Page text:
leeds: THE CITY OF LEEDS
Making it in Leeds
Leeds has justifiably won a reputation for itself as the UK?s leading centre for financial, legal and professional services, but it remains the country?s third largest manufacturing centre. With over 1,900 firms employing almost 39,000 people, the sector punches well above its weight, generating 11% of the city?s total £15 billion output.
Manufacturers in the city turn out a wide range of products, from artificial heart valves, to precision motor components and jet turbine blades. Specialised engineering remains the largest manufacturing sub-sector, with a workforce of around 13,600. Medical technology, print and publishing, together with food and drink production, are also major employers.
Innovation and enterprise
Brandon Medical operations director Adrian Hall demonstrates the revolutionary new audio visual system that has been installed in UK, Irish and Danish hospitals
Despite international trends towards outsourcing production to developing economies, Leeds companies have maintained and enhanced their position globally through innovation, diversification, and a shift into high tech product solutions and processes which are difficult to replicate.
Leeds-based company Glassflake, for example, is Europe?s largest producer of microscopic flaked glass particles, used for a variety of applications from paints and plastics to power stations. Competitors in the Far East have been unable to duplicate the unique production process, and Glassflake is growing its share of emerging markets in the Asia Pacific region via its recently established office in Perth, Australia.
General Manager Simon Brigham comments: ?There is tremendous potential for us to work with Chinese companies. Technology and product development is moving at a tremendous pace there and we?re concentrating our research and development to mirror this. ?We?re already supplying the rapidly expanding Chinese power station network. The car manufacturing industry is another sector we?re examining. We constantly innovate to keep ahead of our peers and have products and applications in the pipeline for the next seven years.?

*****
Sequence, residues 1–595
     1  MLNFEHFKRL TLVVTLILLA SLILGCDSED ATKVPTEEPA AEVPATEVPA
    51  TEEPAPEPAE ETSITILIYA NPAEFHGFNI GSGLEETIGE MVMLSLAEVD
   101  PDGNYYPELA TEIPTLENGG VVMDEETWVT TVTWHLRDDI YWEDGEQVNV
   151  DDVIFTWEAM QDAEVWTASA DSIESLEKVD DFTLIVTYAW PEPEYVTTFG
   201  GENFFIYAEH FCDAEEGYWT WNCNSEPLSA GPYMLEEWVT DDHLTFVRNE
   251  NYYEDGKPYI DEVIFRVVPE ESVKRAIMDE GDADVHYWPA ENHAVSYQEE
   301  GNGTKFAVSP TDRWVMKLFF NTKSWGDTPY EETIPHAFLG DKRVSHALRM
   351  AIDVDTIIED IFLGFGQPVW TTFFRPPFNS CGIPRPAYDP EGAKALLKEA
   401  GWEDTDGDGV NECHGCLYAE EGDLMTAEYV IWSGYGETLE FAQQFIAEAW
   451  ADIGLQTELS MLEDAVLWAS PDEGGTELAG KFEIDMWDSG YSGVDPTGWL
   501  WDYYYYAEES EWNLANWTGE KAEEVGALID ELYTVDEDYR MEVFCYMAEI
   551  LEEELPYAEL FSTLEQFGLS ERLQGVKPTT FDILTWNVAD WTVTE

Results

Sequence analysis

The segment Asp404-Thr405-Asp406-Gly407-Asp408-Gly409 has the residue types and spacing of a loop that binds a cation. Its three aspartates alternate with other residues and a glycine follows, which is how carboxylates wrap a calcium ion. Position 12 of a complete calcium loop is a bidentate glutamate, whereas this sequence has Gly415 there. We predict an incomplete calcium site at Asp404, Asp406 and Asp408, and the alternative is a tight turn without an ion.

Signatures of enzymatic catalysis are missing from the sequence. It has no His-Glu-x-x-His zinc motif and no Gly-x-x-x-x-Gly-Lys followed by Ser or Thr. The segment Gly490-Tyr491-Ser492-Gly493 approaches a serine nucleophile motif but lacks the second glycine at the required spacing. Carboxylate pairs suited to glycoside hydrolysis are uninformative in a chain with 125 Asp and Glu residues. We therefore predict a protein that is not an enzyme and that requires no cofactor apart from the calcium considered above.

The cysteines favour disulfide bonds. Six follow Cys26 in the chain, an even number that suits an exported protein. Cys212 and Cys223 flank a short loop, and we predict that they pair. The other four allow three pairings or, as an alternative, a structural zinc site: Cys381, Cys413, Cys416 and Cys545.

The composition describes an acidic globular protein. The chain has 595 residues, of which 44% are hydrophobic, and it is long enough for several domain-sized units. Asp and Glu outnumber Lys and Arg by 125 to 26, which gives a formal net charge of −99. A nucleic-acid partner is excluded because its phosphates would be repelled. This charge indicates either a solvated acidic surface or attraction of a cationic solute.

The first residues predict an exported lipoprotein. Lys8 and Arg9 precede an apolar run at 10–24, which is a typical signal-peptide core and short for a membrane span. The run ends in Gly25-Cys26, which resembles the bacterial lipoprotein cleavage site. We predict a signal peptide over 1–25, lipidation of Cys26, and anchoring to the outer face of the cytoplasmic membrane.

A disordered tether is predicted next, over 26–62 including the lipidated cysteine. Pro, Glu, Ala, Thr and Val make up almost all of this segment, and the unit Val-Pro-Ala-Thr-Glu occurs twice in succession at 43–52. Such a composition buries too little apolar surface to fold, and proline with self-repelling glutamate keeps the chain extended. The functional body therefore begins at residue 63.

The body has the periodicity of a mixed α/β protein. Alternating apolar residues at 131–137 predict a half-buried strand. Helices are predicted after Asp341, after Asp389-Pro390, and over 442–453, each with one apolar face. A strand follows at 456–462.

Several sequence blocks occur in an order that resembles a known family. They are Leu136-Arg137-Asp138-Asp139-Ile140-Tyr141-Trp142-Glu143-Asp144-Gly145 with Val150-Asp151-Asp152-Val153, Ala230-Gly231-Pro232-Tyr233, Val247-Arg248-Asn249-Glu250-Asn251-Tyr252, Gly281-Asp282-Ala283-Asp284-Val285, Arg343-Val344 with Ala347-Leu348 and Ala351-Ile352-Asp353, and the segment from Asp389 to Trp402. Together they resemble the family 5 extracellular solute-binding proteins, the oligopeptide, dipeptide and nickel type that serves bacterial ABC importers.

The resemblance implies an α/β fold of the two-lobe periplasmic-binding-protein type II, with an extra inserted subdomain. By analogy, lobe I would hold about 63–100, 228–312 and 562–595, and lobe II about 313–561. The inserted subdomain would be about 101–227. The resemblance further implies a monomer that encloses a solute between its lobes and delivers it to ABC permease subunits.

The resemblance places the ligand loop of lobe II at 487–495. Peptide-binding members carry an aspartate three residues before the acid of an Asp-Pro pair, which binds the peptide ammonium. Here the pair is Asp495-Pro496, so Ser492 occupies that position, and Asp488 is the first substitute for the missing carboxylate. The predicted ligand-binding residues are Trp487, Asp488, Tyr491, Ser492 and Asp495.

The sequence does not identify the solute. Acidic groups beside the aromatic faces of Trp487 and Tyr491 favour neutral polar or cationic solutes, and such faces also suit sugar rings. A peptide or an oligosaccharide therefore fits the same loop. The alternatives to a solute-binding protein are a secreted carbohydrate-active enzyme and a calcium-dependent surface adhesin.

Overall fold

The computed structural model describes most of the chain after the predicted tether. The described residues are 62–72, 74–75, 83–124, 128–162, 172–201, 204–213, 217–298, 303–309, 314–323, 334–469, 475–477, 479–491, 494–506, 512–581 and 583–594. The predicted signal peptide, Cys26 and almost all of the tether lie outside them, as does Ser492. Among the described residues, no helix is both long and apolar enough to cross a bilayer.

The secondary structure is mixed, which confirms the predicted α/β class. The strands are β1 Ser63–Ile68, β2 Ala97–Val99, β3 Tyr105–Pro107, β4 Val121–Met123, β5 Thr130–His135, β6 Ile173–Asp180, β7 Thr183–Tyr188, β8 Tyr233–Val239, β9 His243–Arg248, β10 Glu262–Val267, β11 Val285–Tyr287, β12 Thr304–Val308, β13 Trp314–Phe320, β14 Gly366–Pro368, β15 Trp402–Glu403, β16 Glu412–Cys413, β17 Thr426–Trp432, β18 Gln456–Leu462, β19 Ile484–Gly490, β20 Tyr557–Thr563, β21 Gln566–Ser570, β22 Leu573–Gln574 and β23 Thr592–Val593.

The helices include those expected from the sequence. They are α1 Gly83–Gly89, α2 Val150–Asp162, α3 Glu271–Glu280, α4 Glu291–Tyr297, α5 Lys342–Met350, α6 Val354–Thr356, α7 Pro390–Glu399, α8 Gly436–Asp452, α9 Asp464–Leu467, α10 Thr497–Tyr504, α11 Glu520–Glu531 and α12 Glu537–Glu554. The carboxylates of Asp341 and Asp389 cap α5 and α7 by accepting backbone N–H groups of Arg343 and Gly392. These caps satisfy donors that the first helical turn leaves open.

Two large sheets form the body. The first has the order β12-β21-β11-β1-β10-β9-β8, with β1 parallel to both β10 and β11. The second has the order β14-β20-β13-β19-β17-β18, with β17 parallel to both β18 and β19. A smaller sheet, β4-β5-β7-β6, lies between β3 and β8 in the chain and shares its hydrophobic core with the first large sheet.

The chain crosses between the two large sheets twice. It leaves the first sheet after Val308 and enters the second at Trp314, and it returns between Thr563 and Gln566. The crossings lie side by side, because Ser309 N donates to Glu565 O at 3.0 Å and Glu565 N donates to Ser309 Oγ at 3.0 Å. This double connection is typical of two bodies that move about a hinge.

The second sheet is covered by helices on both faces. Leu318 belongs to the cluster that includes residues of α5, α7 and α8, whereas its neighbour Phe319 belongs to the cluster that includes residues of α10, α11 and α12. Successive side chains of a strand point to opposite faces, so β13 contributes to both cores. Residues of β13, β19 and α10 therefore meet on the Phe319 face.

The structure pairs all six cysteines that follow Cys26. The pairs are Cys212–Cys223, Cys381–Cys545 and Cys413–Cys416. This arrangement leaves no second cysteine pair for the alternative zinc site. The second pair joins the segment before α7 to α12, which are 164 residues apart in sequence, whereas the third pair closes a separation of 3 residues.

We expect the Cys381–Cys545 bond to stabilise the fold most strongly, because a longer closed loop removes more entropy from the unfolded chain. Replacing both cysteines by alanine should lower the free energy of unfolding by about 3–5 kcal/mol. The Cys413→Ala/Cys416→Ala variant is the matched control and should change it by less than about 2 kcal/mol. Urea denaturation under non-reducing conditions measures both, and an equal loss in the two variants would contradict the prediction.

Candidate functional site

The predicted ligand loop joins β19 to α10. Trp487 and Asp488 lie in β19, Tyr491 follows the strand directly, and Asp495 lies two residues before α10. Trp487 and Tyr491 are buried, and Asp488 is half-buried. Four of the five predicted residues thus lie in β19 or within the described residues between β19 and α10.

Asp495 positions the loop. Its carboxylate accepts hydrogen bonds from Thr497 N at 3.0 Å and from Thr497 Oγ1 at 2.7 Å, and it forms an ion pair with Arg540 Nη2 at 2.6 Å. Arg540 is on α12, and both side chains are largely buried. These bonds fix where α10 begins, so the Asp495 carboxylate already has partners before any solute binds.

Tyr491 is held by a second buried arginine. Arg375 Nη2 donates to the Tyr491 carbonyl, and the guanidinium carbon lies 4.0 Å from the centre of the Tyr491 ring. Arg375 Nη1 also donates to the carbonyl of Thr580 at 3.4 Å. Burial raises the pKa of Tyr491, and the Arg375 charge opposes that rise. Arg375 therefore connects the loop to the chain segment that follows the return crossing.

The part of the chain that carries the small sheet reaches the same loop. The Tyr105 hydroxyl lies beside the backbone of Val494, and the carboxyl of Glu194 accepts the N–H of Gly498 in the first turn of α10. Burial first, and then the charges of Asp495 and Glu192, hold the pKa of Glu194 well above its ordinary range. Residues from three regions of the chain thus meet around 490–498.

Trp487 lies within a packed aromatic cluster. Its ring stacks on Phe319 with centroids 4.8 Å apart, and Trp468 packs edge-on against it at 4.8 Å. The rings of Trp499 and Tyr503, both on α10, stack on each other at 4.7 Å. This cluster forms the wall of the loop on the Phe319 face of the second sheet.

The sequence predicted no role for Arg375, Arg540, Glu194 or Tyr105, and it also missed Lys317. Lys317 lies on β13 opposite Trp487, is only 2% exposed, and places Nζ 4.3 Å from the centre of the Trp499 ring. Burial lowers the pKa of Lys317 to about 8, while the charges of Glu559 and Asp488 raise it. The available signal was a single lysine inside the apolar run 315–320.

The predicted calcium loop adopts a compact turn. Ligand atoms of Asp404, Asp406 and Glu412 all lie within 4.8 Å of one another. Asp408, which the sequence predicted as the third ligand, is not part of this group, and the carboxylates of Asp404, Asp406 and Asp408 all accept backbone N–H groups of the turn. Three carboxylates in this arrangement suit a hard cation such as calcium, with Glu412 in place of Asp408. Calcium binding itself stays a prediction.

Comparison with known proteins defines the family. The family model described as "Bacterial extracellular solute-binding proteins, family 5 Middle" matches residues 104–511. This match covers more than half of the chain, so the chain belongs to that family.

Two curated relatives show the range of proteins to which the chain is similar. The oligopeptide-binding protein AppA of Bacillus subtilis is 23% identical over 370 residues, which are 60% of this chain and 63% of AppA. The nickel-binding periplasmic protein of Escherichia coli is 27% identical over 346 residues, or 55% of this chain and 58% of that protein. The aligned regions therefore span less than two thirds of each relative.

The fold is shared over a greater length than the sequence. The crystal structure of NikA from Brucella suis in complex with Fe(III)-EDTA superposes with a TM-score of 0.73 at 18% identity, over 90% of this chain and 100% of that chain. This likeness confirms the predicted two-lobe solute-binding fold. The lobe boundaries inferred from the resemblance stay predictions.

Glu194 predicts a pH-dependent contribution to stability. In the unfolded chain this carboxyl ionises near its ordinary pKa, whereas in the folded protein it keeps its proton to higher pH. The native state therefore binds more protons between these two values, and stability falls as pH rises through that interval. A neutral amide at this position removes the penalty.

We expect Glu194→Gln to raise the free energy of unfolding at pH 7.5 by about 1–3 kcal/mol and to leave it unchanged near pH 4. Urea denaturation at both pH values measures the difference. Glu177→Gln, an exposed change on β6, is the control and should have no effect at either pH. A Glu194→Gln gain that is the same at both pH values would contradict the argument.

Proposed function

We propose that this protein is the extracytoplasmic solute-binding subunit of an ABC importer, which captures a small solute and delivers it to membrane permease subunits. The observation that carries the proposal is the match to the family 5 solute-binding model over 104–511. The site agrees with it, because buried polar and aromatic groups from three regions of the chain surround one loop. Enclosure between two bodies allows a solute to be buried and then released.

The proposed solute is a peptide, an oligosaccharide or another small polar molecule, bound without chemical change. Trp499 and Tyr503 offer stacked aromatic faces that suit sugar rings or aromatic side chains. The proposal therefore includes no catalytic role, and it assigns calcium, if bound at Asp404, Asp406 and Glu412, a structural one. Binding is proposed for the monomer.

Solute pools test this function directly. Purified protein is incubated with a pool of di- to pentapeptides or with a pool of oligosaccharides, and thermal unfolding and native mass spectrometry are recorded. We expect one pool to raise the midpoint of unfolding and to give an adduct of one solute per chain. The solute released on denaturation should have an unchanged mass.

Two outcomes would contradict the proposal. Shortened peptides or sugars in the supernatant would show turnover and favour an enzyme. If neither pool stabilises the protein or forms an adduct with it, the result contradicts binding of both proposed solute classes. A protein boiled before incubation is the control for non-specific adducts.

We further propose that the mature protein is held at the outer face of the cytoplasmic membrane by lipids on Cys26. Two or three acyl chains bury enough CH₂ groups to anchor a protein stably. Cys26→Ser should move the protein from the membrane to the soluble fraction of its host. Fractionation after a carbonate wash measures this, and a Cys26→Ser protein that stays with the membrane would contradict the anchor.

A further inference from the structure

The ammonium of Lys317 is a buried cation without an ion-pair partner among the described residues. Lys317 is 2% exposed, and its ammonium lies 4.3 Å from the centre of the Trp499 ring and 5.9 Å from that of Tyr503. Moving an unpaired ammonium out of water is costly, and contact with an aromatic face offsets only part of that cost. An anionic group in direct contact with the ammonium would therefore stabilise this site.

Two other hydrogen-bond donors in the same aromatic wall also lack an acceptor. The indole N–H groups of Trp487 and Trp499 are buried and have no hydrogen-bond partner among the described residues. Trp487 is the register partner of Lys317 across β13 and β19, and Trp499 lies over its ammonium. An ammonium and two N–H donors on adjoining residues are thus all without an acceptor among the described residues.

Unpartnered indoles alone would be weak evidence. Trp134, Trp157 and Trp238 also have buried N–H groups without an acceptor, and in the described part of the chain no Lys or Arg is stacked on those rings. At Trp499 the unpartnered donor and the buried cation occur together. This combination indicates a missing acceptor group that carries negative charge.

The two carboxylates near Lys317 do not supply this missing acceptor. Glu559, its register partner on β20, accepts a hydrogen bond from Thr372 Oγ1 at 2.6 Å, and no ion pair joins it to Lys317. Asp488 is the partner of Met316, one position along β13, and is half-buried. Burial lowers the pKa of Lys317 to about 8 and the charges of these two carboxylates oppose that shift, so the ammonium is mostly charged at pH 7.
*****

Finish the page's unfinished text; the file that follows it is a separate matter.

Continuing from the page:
Revolution in medical technology
Investment in research and development is central to the competitiveness of manufacturing companies, nowhere more so than in the field of healthcare technology, which thrives on continuous innovation. It has proved vital to the success of companies such as Xiros, a world leader in orthopaedic and ligament reconstruction technologies, which operates from premises close to Leeds Bradford International Airport.
?We have a continuous process of considering literally hundreds of ideas for surgical advancement, with around a dozen projects in progress at any one time,? says innovations manager David Beevers. The company exports 90% of its products and works closely with surgeons to develop solutions in-house and identify the best route to market.
This can either be through the Xiros ?Neoligaments? branded product range, or via commercial links with global medical devices companies. ?While much of our work has been about knee joints, particularly anterior cruciate ligament repairs and similar injuries of the types suffered by sportsmen and women, our expertise also extends into other areas of the body, including the ankle, shoulder and spine.?
Award-winning Brandon Medical has developed a revolutionary audio visual system that uses video and audio over internet protocol to allow surgical procedures to be supervised and viewed in high definition from anywhere in the world. The Leeds company has already installed the system in UK, Irish and Danish hospitals but managing director Graeme Hall sees the system as having worldwide applications.
?Our digitally-based system delivers secure, high quality video and audio over the widest possible range of options and with substantial cost advantages compared to existing analogue systems.
?Whereas one UK hospital recently invested over £1 million equipping four theatres and one seminar room for analogue video coverage, we could cover 30 theatres and distribute the information to every room in the hospital with higher quality and greater functionality for £250,000,? says Hall. In addition to filming surgery and applications such as angiography with no degradation of picture quality, it can also handle video sources from Ultrasound, MRI equipment and Pacs digital X-rays.
Ideally suited to collaborative working and medical training, the system is also being applied successfully to intensive care and high dependency nursing units. Already exporting to more than 40 countries, Brandon has achieved annual growth rates of 30% and is well placed to take the techology into markets around the globe.
Paul Stephens, Leeds City Council?s chief economic services officer comments: ?Manufacturing in Leeds is incredibly diverse and the majority of companies in the sector are small to mediumsized businesses. They play a key role maintaining the diversity and vitality of the economy. But the common denominator is the combination of innovation and enterprise, which has been central to the success of Leeds companies like Glassflake, Xiros and Brandon Medical.?
Across the city of Leeds, modern laboratories, world-leading scientists and clinicians are combining with Europe?s largest medical school to put Leeds at the forefront of ground-breaking research into revolutionary and potentially life-saving new approaches to medicine. Around 32,000 people are employed in healthcare in Leeds, and Leeds Teaching Hospitals NHS Trust is the largest healthcare provider in Europe. Over 50% of the University of Leeds? total research income is generated by medical and healthcarerelated research.
For more information about business and
enterprise in Leeds, visit:
or call: +44 (0)113 220 6350